The prices are more than just a reflection of the sky-high cost of crude oil, which closed at a record $63.94 Monday. A fire at Chevron Corp.'s El Segundo (Los Angeles County) refinery three weeks ago squeezed diesel supplies at a time when truckers and farmers are using more of the vital fuel than before.

Diesel powers almost every major industry in the state. The trucks and trains that haul imported computers, cars and clothes from California's massive ports burn it. So do the tractors used on farms that grow the state's food.

Monday, August 08, 2005

New FERC Chair worries about California power situation

The new chairman of the Federal Energy Regulatory Commission is worried about power supplies in California.

"It's discouraging," said Kelliher, who in July became chairman of the Federal Energy Regulatory Commission. "Five years after the crisis, we're still worried about what the temperature will be in Southern California today."

As Kelliher settles into the new job, California's energy problems, old and new, may provide a key test of his leadership.

Relations between the state and the federal agency have improved since the stormy days of the 2000-01 energy crisis. But once again, the risk of shortages in California is bringing scrutiny to energy policy — and unresolved disputes over refunds dating to the power meltdown are still soaking up time and effort at the federal agency.

"I think we need to close out the California crisis," Kelliher said. "Other issues have been languishing."

DWP workers among highest paid

Claims by workers at the Los Angeles Department of Water and Power that they deserve double-digit raises to keep their salaries competitive with the private sector are unfounded, according to the LA Times:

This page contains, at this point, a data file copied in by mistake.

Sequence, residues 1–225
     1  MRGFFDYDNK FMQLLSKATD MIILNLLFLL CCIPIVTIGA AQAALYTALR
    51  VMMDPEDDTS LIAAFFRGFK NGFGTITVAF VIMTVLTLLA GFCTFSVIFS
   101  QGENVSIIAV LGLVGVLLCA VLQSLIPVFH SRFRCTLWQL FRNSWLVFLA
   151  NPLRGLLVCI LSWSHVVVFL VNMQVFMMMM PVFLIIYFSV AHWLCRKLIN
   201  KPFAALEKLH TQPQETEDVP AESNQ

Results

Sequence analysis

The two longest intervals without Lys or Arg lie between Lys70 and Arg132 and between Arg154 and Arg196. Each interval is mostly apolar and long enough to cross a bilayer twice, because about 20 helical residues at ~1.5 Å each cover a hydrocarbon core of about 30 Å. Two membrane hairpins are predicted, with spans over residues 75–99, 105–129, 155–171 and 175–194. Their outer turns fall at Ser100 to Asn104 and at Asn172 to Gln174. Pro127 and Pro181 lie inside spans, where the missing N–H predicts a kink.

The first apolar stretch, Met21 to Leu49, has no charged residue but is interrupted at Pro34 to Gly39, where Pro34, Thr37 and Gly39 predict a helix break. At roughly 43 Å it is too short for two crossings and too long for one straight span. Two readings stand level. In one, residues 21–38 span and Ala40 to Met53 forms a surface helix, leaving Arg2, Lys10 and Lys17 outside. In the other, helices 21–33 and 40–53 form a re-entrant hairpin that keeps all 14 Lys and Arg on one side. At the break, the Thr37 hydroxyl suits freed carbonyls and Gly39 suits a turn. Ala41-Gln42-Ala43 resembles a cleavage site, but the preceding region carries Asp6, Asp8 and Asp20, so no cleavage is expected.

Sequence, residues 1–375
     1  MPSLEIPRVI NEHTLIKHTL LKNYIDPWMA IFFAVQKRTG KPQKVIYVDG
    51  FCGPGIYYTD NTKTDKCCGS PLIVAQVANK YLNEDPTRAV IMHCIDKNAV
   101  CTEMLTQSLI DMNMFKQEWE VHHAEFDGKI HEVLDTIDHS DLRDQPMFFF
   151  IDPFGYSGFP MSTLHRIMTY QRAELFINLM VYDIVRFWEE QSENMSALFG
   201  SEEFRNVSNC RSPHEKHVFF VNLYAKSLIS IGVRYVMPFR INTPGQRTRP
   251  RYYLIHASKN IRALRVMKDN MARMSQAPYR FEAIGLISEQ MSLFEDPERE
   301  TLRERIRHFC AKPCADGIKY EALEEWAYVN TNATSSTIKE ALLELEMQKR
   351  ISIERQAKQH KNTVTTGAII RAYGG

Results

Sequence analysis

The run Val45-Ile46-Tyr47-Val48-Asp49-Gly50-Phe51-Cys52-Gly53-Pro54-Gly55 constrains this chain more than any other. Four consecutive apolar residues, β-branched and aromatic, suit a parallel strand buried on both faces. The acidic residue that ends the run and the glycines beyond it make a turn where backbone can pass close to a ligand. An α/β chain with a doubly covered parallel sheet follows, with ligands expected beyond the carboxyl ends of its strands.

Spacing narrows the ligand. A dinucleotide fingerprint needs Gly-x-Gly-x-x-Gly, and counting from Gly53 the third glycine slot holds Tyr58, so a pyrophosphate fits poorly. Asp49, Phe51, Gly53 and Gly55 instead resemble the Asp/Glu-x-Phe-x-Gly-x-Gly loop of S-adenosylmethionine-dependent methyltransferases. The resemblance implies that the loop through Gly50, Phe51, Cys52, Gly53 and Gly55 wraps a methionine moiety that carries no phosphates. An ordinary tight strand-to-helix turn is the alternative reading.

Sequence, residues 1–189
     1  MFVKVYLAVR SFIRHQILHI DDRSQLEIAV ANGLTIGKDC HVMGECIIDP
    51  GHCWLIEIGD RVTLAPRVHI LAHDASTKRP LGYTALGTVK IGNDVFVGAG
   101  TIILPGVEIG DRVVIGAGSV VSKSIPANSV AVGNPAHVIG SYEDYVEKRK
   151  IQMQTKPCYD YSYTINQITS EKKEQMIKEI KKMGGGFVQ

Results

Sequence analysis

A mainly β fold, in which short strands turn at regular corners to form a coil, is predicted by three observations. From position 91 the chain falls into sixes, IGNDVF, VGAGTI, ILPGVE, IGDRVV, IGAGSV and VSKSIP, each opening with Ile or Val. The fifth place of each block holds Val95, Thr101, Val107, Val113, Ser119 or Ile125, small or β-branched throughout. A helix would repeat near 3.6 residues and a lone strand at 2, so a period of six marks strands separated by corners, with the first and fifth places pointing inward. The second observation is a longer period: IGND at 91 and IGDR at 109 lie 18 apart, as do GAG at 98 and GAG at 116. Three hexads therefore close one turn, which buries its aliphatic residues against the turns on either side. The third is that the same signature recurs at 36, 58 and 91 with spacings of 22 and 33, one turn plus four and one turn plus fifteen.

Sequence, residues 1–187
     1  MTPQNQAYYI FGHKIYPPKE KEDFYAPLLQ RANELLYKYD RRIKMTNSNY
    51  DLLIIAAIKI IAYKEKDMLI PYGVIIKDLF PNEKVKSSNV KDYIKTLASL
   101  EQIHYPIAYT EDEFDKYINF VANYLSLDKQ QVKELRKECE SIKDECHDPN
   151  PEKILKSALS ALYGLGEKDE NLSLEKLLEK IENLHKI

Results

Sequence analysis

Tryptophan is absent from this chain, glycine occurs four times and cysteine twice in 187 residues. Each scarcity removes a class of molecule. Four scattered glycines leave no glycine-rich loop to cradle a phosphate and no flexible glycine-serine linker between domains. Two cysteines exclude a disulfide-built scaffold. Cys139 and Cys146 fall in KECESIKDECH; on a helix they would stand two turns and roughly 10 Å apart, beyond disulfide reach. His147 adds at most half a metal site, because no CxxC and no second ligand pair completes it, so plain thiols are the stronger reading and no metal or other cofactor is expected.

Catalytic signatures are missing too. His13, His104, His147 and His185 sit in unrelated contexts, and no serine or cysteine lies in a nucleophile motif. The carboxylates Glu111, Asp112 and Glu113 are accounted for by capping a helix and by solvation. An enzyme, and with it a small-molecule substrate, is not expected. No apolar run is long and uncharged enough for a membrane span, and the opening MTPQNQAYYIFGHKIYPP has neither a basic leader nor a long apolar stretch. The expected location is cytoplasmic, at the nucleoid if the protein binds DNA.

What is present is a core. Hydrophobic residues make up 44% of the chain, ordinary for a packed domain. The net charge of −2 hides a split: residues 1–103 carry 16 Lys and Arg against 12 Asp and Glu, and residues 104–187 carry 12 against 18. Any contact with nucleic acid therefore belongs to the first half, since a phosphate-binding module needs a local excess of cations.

Los Angeles Department of Water and Power officials say they need to offer employees a union contract that could boost salaries by as much as 34% over five years to remain competitive with other utilities.

But the city's utility already has a higher pay scale for key positions than three of the four other major utilities in the state. And agency officials admit they did not research how their salaries compared with other utilities before recommending the raises.

Go Green for common ground for Governor, Legislature, People

Mark Baldasare finds common ground between the Governor, the Legislature and the people of California--protecting the environment.

In spite of all the partisan bickering in Sacramento, the governor and Legislature have produced a unique package of state laws that address global warming, and the public seems to support these efforts. In fact, when it comes to solutions on global warming, California has bucked its usual trend in policymaking, favoring the legislative process of lawmaking over direct democracy through the citizens' initiative process.

Three in four residents support the state law, championed by Democratic legislators, that requires automakers to further reduce the emissions of greenhouse gases in new automobiles. Seven in 10 also favor the governor's proposal to reduce greenhouse gas emissions by industry, power plants, and cars by more than 80 percent over the next 50 years. As for the state's energy policies, there is also solid support for efforts that would help to reduce greenhouse gas emissions. Three in four residents want state policies that promote the use of more solar energy in California's homes and businesses, and most favor a plan to have California lead the nation in hydrogen fuel cell technology by building a "hydrogen highway" with hydrogen fueling stations by 2010.